Biafra: A Republic or a Dictatorship?

Some 230 years in Philadelphia, the American Founding Fathers had just ended the Constitutional Convention to ratify the US Constitution, a magnificent document just a little shy of 4600 words.
The young country was expectant with hopes but concerned too about its future.

Benjamin Franklin, the renowned inventor, diplomat, and elder statesman stepped out of the hall at the end of the ratification and was confronted by curious citizens. He was a delegate to the Convention. One of them, a lady, asked Benjamin Franklin, “what constitution do we have now, Sir?” Benjamin Franklin quipped, with a hint of sarcasm, “A republic, madam, IF you can keep it?

Barely 24 hours after I made comments expressing some misgivings about the agitation for Biafra, what has struck me is the extreme intolerance of advocates of Biafra. Hot-headed and impervious to contrary opinions, many in this school of thought, really believe that Biafra is an El Dorado waiting to drop from the skies. Not so fast folks. You can’t keep a republic by dissing and insulting those who disagree with you.

If the intolerance and mass lynching psyche of Biafra supporters is an indication of what nay-sayers in the proposed state of Biafra would go through, we have a big problem in our hands.

The viciousness of our politics, the bile and hatred have historical precedents of troubling dimensions. Recall that amidst the 1967-1970 Civil War, the Republic of Biafra was executing “coup plotters” and “saboteurs.”

Virtually ALL the five states created out of the Eastern Region share the same narrative: we don’t want to be dominated/oppressed by our fellow Igbos! Look at the documents in support of the creation of Imo, Abia, Ebonyi States! And those that weren’t created including Aba, Adada, et cetera were all premised on the fear of domination by fellow Igbos too. The lack of capacity to accommodate opposing or contrary views in our discourse is undemocratic and scary.

Blood is often shed and heads broken in Igboland today for simply advocating a point of view different from those who believe that all problems of Ndigbo will be solved overnight once the Republic of Biafra descends from the heavens. We need to look ourselves in the mirror.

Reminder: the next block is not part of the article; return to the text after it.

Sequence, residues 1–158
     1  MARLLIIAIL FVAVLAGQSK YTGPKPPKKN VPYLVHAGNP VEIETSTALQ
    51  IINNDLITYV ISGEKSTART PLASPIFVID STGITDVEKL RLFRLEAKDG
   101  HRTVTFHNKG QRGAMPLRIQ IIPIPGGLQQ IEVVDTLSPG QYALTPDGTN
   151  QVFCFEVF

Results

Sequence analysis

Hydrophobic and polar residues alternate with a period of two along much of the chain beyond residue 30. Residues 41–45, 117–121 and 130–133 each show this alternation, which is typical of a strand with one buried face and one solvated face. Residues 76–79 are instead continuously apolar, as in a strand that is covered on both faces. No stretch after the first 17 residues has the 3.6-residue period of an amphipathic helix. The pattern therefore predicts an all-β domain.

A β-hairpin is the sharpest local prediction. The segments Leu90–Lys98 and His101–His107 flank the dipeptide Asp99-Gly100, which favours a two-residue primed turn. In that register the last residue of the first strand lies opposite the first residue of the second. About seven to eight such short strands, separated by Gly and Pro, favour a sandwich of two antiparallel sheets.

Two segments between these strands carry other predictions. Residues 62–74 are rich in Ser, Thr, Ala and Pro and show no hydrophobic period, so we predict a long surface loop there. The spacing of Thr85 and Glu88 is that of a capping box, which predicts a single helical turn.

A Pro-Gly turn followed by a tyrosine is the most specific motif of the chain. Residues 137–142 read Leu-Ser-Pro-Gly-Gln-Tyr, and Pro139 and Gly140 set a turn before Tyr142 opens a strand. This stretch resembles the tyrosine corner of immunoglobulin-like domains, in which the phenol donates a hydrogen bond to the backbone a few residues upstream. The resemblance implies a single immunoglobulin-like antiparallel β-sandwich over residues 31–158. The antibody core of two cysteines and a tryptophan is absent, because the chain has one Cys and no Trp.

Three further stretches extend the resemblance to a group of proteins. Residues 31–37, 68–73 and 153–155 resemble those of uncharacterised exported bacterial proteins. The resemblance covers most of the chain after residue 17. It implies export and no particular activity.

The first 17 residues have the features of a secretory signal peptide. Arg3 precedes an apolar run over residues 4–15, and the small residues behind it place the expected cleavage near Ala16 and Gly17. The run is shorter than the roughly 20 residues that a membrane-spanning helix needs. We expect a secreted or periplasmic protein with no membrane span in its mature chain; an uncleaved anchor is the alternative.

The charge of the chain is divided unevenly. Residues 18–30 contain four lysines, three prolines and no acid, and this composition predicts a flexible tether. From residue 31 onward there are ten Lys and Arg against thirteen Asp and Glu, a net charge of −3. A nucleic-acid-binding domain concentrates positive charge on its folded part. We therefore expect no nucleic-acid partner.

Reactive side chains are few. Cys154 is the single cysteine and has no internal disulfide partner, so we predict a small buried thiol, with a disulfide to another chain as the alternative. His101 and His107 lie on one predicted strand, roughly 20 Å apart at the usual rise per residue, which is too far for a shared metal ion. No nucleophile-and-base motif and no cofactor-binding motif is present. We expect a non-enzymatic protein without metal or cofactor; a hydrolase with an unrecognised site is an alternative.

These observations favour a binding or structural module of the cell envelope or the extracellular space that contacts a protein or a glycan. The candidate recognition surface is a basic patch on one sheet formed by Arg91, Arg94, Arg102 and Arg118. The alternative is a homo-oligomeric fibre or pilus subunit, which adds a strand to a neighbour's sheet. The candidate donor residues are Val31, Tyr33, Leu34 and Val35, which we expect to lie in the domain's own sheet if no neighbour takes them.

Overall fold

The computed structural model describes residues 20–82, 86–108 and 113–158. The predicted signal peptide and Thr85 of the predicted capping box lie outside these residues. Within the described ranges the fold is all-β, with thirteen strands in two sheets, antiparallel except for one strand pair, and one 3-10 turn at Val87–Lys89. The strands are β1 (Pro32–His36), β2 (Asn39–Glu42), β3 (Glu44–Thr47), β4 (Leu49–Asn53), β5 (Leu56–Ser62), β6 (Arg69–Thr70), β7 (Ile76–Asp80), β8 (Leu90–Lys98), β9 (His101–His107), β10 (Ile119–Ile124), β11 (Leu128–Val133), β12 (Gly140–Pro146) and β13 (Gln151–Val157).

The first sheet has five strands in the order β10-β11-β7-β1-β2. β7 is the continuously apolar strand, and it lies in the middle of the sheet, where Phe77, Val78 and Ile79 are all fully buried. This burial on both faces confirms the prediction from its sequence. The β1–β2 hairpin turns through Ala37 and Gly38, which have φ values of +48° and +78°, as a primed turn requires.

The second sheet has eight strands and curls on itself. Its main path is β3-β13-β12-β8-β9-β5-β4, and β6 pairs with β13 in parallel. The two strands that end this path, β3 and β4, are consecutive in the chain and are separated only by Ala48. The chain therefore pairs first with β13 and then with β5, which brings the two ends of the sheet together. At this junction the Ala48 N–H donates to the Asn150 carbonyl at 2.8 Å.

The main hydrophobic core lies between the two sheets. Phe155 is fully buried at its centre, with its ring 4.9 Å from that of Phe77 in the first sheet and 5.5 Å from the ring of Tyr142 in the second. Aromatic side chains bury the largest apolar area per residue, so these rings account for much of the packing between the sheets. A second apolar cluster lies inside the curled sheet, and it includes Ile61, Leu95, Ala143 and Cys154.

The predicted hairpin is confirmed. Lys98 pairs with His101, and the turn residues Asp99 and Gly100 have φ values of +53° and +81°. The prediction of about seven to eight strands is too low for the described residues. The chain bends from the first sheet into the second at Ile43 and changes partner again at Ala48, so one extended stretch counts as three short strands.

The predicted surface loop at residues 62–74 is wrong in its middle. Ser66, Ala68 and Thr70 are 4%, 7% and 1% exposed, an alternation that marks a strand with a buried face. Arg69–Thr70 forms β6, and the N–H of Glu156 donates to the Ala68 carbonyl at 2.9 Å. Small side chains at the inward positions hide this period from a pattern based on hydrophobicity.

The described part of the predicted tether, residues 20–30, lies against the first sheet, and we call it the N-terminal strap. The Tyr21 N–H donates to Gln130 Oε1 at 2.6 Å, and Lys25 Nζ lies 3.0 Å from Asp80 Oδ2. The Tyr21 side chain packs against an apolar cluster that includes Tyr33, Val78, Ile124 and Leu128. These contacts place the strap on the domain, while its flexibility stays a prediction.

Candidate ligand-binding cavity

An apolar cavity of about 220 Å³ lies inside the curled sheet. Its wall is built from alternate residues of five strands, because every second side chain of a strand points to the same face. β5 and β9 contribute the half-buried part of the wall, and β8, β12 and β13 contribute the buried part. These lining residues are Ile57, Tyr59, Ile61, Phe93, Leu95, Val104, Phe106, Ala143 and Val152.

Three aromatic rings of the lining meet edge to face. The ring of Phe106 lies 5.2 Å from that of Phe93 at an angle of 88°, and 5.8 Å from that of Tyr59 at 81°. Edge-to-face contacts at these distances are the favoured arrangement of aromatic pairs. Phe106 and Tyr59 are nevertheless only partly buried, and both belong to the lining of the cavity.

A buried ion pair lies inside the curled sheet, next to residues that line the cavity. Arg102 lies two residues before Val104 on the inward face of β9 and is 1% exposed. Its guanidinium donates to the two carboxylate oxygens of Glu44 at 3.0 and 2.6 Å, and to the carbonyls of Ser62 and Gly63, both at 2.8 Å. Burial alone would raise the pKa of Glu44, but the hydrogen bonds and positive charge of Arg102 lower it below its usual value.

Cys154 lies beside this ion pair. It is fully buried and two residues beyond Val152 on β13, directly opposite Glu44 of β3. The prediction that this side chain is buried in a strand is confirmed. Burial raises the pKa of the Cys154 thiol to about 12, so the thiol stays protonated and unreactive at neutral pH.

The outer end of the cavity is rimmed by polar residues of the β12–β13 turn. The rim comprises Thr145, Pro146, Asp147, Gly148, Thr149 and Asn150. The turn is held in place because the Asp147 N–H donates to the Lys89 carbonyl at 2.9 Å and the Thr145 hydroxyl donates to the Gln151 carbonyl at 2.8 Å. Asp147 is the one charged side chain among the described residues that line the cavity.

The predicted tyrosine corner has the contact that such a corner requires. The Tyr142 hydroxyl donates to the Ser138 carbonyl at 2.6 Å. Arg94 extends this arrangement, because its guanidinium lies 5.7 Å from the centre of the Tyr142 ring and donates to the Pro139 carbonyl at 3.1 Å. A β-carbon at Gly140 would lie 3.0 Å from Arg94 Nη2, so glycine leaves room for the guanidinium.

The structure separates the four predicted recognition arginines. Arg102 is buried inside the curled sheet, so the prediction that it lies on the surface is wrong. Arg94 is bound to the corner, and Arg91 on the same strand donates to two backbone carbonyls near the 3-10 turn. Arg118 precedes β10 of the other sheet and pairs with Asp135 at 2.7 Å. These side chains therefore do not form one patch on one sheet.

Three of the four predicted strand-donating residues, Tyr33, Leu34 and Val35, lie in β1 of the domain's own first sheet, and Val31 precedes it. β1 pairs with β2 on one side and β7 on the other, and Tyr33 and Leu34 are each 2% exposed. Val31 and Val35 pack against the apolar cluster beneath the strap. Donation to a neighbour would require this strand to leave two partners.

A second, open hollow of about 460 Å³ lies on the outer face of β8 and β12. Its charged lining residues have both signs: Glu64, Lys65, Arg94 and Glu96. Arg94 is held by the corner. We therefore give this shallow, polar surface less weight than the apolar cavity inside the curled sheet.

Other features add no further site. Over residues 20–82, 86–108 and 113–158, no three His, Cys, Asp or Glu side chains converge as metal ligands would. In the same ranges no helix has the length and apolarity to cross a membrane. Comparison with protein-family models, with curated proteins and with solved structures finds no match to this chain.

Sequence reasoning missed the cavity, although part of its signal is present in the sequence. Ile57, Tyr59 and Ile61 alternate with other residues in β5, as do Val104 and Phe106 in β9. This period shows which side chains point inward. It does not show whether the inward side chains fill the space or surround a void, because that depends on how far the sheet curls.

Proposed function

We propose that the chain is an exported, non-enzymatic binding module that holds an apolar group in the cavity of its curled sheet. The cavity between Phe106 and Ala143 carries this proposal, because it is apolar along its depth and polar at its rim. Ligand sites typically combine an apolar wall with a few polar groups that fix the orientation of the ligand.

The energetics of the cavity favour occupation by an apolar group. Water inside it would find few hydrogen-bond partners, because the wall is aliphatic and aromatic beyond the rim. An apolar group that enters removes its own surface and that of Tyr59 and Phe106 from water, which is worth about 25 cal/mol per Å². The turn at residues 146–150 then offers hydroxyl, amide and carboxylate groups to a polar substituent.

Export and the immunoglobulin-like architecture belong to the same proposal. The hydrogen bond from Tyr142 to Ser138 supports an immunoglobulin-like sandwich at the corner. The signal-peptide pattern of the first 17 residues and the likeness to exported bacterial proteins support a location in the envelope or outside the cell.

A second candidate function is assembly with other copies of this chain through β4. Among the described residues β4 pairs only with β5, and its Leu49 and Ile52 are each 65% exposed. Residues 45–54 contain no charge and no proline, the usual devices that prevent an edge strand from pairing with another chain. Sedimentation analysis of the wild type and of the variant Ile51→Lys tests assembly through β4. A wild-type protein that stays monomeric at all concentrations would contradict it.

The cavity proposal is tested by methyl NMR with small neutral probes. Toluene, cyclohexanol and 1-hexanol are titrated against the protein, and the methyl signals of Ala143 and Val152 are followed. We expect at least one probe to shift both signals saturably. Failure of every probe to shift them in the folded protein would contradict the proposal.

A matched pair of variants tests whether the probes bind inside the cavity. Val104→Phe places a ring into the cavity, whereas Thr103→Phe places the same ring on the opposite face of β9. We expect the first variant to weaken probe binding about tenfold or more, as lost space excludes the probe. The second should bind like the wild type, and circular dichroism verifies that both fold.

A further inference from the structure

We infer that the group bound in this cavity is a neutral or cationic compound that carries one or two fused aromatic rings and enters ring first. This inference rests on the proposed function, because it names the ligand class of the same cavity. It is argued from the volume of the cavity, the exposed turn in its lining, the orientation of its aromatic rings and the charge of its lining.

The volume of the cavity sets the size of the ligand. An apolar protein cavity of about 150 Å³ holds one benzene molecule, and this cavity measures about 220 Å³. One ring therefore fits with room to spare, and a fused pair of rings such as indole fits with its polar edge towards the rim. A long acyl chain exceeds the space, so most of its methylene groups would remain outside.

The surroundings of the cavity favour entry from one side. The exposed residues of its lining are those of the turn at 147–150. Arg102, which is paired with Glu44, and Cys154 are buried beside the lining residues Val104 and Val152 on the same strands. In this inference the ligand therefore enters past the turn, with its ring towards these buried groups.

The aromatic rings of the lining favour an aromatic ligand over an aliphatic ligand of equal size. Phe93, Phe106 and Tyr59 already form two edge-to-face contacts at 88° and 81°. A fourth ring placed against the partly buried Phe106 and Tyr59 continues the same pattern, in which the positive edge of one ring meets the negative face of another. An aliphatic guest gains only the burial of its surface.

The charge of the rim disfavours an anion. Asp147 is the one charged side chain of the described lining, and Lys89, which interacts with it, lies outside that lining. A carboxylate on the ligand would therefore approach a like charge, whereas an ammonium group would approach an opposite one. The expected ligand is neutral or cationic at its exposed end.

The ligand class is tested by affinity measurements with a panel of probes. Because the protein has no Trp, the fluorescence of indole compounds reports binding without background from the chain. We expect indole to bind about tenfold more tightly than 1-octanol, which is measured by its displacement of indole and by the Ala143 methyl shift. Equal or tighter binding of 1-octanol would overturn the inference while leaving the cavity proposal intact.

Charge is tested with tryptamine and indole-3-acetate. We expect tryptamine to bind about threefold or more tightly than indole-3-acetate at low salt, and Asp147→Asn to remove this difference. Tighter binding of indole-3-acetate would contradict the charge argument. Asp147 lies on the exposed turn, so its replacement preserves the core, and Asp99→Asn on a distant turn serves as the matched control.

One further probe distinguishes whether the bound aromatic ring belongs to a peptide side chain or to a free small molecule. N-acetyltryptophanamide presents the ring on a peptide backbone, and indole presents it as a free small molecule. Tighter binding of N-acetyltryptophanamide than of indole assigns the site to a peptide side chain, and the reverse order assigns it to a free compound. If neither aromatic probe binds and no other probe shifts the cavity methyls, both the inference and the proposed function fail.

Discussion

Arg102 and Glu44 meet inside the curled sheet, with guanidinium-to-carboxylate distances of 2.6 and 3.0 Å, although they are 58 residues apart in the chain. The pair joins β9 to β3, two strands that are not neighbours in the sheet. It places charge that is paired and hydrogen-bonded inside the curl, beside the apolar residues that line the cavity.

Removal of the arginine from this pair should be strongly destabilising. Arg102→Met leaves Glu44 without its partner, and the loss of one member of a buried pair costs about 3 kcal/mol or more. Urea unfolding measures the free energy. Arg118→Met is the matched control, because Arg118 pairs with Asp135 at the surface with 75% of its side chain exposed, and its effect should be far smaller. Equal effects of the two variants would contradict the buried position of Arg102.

It may well be that all the solutions to problems and challenges of Ndigbo reside in the materialization of the Biafran quest but it worries me that the Igbos famed for rational discourse and robust contestation of ideas are now shepherded into a one-way lane.

The vituperation and insults heaped on those who call for alternate points of view, is simply appalling. When the insults come from youths who see nothing good about their aged fathers, grandfathers and uncles, I wonder whether the proposed country of Biafra would be a republic or a dictatorship.

If BIAFRA is realized, can we, with our penchant for vitriolic disrespect, disparagement of entire clans, and intolerance of opposing views, keep the country as a Republic?

I am a proud Igboman. No apologies.
Prof. Ikechi Mgbeoji…


1 Comment

  1. Professor Mgbeoji, Kudos to you for your post and for OBLONGMEDIA to publish your article. What gives me courage is your ability to supersede emotional persuasion for an intellectual cautionary discussion. You have demonstrated that you are one with a spine and hopefully the ‘cannery in the coal mine’. Education and intellectual exchange is a handicap for Nigerians and we wonder why there are so many educated Nigerians all over the world but with a failed system in Nigeria? The discussion for secession is not fully grounded with the rigor for people to actually put their lives on line for the cause. The constituency fanning the flame for Biafra is not well formed with a constitution worthy of international respect. Simply speaking of marginalization is not enough. The current citizens of Nigeria in the North East are the most disenfranchised Nigerians currently; raped, homeless, abducted, starving to death. Generally, Nigerians are victims of their elite all over the country. Rather than a people rise to throw out a bloated system of an expensive model of democracy not fit for a poor country we are haggling over issues which are legally too complicated to win. Democracy is the tyranny of the majority world wide.
    I am circulating your article world wide over the social net and I hope a lively discussion will emanate also more balanced than parallel discussions we are having now. You may be saving lives if reason prevail before the ‘train leaves the station’.


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